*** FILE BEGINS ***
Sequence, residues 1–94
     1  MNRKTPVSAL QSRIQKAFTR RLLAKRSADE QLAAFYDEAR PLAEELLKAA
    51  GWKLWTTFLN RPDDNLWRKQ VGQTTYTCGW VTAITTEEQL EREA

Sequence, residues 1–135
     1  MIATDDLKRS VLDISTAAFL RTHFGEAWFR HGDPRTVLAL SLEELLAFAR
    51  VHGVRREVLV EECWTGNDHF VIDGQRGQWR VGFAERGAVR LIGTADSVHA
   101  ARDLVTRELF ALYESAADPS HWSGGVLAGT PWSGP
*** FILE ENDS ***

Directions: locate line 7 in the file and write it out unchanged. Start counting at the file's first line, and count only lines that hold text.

   101  ARDLVTRELF ALYESAADPS HWSGGVLAGT PWSGP